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NYT Blogs On Dave Ramsey’s 12% Solution

A post by Ann Carrins and Ron Lieber on the New York Times “Bucks” blog references my recent article regarding the fallacy of Dave Ramsey’s assertion that anyone can earn 12% annually by putting all their funds in “good growth mutual funds.”

The Times phoned Ramsey for clarification as to why he maintains this position in light of facts that suggest “it just ain’t so.”  According to the Times, “He did not make himself available to explain. “Dave is currently working on the completion of his new book and unfortunately is not able to add anything to his schedule, at this time,” a Lampo Group public relations assistant said in an e-mail. “He would like to apologize and thank you for requesting an interview.”

I sure hope he corrects his math in his new book. To read the whole article, click here.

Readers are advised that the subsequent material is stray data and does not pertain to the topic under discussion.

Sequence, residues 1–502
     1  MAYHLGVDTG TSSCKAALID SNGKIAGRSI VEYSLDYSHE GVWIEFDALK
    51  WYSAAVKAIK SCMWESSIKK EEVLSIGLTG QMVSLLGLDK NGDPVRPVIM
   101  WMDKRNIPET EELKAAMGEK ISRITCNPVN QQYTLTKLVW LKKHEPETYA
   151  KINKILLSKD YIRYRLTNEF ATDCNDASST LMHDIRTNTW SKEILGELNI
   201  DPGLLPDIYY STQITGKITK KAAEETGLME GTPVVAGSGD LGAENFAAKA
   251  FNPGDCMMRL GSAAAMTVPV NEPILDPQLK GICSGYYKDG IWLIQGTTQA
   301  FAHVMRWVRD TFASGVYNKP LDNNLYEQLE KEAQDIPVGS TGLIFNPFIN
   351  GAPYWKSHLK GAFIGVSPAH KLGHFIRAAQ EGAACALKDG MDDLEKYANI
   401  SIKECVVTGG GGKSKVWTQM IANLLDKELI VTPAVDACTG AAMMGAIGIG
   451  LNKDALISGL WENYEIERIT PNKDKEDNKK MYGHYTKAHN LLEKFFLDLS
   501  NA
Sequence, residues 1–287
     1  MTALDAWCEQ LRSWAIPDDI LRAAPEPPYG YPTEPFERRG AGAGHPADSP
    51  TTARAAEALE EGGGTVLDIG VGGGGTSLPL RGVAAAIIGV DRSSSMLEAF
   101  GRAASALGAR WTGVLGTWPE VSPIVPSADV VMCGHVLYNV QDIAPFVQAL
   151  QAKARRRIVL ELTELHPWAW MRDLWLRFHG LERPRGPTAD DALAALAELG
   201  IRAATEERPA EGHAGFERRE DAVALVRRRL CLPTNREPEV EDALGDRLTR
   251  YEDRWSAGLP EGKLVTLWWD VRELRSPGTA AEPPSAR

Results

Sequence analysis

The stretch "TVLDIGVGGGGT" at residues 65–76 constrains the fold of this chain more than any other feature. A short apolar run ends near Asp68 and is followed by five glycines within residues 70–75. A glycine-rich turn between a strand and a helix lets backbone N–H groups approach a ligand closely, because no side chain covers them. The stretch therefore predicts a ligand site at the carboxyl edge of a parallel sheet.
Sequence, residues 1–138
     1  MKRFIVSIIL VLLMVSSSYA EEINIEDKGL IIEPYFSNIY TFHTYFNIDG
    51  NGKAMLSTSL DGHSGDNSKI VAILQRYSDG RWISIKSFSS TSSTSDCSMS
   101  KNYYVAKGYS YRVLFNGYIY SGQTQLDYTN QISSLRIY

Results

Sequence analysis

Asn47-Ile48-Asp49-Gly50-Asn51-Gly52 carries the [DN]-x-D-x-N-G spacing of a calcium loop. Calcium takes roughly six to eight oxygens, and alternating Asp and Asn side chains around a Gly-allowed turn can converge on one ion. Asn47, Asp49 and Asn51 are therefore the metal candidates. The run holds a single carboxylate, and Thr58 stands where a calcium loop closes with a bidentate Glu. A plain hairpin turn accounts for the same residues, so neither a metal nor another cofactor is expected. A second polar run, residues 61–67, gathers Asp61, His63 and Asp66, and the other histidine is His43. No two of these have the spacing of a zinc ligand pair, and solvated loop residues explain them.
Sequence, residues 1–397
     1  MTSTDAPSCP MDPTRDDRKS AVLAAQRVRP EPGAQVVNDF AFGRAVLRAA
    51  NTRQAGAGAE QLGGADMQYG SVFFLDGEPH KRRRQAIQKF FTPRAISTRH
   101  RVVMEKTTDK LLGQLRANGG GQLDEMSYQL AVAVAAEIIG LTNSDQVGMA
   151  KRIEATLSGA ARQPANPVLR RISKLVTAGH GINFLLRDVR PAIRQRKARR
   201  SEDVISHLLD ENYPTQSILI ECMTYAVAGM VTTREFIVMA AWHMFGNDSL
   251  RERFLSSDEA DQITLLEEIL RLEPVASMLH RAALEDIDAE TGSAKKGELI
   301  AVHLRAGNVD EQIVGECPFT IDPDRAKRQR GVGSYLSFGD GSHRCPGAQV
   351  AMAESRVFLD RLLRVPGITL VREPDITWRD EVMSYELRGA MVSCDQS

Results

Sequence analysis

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4 Responses to NYT Blogs On Dave Ramsey’s 12% Solution

  1. Bobbie Munroe May 14, 2011 at 7:03 pm #

    Of course he was too busy to comment as the only logical reply is “maybe I was mistaken.”

  2. Karl Weiss July 21, 2011 at 3:23 am #

    Great work. Very informative

  3. Matthew Johnson October 5, 2012 at 12:19 pm #

    There are no tricks in percentages like most of these idiots are thinking. If you invest $10,000 in an ETF for the S&P 500, you will probably average around a 12% increase each year. Let me walk through an example with made up numbers.

    Year 1: S&P returns -30%
    You now have $7,000

    Year 2: S&P returns 20%
    You now have $7,000 + (.2 * $7,000) = $8,400

    Year 3: S&P returns %40
    You now have $8,400 + (.4 * $8,400) = $11,760

    The average gain of the S&P 500 is not [ (-.30) + (.20) + (.40) ] / 3
    The average gain is [ (11,760 – 10,000) / 10,000 ] / 3
    = (1,760 / 10,00) / 3
    = .0587
    = 5.87% Avg Gain

  4. Tom November 6, 2012 at 12:33 pm #

    Actually, Matthew, that’s not how the math works. The annualized rate of return in your example would be 5.55%, not 5.87%.
    To verify, take $10,000 x 1.0555 x 1.0555 x 1.0555. You’ll notice the result is $11,760.
    Because the annualized rate of return is a compounded number, you cannot get the answer by simply dividing by the number of years (N).